My pre-emptive holiday post

OK. As many of you may already know, Jehovah’s Witnesses do not celebrate Christmas. The precise theological details can be obtained by making clicky with the ‘Personal’ link down and to your right.

In re: a question I see a lot around these cyber-parts, yes, it’s entirely acceptable to give the Witnesses in your life a card along with everybody else. Just make sure that a) you know them well enough that they’ll understand the motive behind the gesture is friendly, and b) the card is appropriately non-denominational (a lovely winter scene, say), and you’re set.

Honestly, you needn’t spend a lot of time feeling sorry for us this time of year. Because meanwhile we are staring around in frank awe, trying to figure out just why you-all enjoy it so much. Seriously.

I’ve worked major retail outlets many a Christmastime, people – another side benefit to our stance, lots of overtime on stat holidays! – and I’m here to tell you, the jolliness, from all appearances, it is a myth. Or at least, a wistful long-shot, rather like the precise sprinkle placement Martha Stewart gets on the cupcakes.
In terms of sheer guilt-induced looniness of expectation it can be topped only by the wedding industry. Maybe. When you’re a bride, you at least get the consolation that it’s all about you. At Christmas, by contrast, you get to run yourself ragged trying to meet the fondest needs of everybody else. Which as far as I can tell, even if you love them dearly, does not quite compensate for the loss of dignity inherent in screaming at the poor bookseller because she has just sold the last copy of The 25 Greatest NASCAR Sponsors of All Time. Or whatever.

Then, of course, there’s the post-event afterglow. In the one case, snazzy vacation, lotsa hot sex; in the other, eighteen avant-garde cheese graters and that Elmo toy that when you walk past it, goes ‘Awww, you don’t wanna play with Elmo?” in that sad-clown way you have always hated and feared. You can’t do anything about it, either, because this was little Suzy’s gift from your in-laws. So you also now have confirmation that the big family dinner is going to be really tense.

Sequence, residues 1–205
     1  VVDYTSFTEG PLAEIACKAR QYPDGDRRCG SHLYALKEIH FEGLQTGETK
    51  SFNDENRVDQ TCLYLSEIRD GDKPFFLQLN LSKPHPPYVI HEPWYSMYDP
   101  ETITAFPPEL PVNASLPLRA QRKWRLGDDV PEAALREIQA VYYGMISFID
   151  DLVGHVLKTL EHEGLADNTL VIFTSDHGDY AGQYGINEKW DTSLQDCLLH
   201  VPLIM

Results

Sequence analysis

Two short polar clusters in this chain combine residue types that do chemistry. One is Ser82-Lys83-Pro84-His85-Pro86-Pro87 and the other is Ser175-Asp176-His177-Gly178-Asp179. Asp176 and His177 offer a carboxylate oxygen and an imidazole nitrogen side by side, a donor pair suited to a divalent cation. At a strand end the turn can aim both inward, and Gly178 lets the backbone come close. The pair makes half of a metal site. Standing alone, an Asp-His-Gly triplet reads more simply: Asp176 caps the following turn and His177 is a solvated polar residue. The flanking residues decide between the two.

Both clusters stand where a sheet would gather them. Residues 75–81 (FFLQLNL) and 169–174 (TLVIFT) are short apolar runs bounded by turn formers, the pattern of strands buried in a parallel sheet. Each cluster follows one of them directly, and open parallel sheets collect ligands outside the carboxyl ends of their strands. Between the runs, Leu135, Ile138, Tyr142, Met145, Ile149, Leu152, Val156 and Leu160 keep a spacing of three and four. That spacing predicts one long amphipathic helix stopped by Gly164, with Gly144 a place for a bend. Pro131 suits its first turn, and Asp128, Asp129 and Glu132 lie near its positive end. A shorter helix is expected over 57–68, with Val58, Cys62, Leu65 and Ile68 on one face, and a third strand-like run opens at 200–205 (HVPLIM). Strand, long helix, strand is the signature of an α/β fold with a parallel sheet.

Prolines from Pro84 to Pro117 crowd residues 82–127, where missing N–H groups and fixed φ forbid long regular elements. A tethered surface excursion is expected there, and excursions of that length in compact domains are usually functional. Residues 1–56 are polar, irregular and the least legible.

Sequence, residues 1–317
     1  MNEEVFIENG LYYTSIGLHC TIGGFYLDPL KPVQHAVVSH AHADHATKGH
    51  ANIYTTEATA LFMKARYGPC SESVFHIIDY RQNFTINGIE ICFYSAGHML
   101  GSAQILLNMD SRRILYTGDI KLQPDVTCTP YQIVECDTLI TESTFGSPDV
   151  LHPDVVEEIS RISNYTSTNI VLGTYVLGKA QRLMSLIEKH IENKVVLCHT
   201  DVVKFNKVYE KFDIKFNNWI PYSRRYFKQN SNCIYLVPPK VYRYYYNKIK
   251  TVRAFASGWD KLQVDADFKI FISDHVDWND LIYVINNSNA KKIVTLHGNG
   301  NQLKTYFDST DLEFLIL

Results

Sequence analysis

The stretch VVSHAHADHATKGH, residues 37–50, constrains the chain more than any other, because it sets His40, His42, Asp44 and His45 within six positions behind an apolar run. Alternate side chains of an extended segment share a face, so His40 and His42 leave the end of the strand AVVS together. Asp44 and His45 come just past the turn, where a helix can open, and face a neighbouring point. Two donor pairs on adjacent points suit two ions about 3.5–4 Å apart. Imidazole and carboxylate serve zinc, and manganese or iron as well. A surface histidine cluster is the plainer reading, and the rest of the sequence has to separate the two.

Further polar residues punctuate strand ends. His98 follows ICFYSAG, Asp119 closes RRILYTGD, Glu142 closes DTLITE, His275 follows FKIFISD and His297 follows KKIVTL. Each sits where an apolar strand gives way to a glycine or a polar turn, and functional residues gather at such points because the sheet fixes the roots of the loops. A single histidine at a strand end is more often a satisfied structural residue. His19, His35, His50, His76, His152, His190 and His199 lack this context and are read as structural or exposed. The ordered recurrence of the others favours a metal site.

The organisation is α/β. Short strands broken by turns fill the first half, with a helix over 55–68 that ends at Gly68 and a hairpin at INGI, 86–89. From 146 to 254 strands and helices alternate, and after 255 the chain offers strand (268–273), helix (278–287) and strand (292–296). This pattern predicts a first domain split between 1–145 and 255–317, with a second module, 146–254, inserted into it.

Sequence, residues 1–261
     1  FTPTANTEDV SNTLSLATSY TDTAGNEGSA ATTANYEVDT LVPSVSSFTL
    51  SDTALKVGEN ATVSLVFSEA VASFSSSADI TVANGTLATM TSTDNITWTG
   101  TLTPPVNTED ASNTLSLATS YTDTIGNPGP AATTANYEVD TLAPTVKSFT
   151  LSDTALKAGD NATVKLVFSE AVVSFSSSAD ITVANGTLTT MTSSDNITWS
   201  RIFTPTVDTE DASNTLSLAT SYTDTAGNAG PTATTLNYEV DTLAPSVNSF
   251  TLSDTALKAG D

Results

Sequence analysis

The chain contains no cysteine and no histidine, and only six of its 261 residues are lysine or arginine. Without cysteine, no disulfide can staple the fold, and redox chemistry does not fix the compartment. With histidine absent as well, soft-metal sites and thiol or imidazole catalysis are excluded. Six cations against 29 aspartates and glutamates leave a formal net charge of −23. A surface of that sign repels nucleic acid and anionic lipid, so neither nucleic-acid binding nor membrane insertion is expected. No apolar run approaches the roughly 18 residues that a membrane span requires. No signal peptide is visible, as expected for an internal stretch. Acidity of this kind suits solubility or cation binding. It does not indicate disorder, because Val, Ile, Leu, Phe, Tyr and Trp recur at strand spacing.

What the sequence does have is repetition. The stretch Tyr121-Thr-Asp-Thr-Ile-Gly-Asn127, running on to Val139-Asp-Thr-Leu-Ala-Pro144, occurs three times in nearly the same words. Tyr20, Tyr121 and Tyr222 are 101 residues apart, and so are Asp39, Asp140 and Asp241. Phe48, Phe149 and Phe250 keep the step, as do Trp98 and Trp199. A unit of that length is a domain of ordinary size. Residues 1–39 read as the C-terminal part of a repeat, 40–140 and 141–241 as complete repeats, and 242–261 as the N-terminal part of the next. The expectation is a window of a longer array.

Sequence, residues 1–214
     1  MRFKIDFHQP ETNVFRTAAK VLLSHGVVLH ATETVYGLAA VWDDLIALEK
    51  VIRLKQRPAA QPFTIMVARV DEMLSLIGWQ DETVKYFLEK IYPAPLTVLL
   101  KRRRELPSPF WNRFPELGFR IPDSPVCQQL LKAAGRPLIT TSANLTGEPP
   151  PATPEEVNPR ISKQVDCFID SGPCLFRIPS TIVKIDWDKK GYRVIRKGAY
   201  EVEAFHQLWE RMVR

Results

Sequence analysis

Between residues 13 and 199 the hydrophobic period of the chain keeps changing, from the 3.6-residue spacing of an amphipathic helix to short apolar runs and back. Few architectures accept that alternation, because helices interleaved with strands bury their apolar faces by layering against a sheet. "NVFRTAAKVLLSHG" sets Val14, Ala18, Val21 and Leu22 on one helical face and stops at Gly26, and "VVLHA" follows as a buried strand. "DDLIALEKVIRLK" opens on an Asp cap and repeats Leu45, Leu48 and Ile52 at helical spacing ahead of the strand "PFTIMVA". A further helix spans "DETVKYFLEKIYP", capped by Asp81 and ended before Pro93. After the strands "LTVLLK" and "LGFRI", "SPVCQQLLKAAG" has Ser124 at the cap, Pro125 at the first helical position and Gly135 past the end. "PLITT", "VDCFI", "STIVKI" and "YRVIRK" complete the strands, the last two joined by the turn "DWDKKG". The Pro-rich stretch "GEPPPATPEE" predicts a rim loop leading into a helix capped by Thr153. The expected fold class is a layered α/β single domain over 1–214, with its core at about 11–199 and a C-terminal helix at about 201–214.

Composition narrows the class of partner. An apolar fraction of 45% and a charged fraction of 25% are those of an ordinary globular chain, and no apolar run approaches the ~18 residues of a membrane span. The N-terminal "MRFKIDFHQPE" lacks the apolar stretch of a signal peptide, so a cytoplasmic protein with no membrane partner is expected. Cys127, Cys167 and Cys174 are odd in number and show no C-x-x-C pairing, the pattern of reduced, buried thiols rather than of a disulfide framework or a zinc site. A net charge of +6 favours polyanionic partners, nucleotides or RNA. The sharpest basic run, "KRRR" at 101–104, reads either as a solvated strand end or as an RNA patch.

The whole situation is best summed up by the bizarre movie Christmas With the Kranks, in which a random couple’s desire to exercise their basic frelling free will is relentlessly steamrollered by an entire neighborhood of self-appointed Santa’s Little Helpers. As far as I can tell, this thing was marketed without a trace of irony. (Neither was Fred Claus, but I think that had more to do with specific latent sadism on the part of those particular film-makers.)

The only defense – not unlike the one recommended for Martha and/or wedding plans – is to raise a wall of cynicism real quick. Thus the ‘Carols I Hate’ articles, the commercials based around how nobody ever looks forward to those family dinners…the deep sighs of envy when the Witness in the next cubicle over confesses that they never even heard of mincemeat.
Come to think of it, I don’t think I’ve seen one unironic media mention of the holidays this year. Oh, except that one Hallmark commercial, but they have to lure you into a diabetic coma because that’s the only state in which anyone would lay out $19.95 on a china gingerbread-house that blinks in tune with Jingle Bells.

It all makes for a rather pleasant holiday experience for all the wrong people. The one slight drawback, of course, is that we can’t go near shopping malls past roughly November 15th…in other words, not so much with the possibility of being crushed to death in Wal-Mart. Yeah, tough choice there.

OK, yes, I’m exaggerating. Those who have contrived to keep their holidays focussed on faith and/or the simple joys of family love and togetherness, I salute you wholeheartedly. Know that Witnesses strive for the same – just not necessarily on the 25th around a tree.

For this holiday season, I wish everyone happiness according to their lights, literal or otherwise. Mind, I’ll be a safe distance off on the beach at the time.

Advertisements

Leave a Reply

Fill in your details below or click an icon to log in:

WordPress.com Logo

You are commenting using your WordPress.com account. Log Out / Change )

Twitter picture

You are commenting using your Twitter account. Log Out / Change )

Facebook photo

You are commenting using your Facebook account. Log Out / Change )

Google+ photo

You are commenting using your Google+ account. Log Out / Change )

Connecting to %s

%d bloggers like this: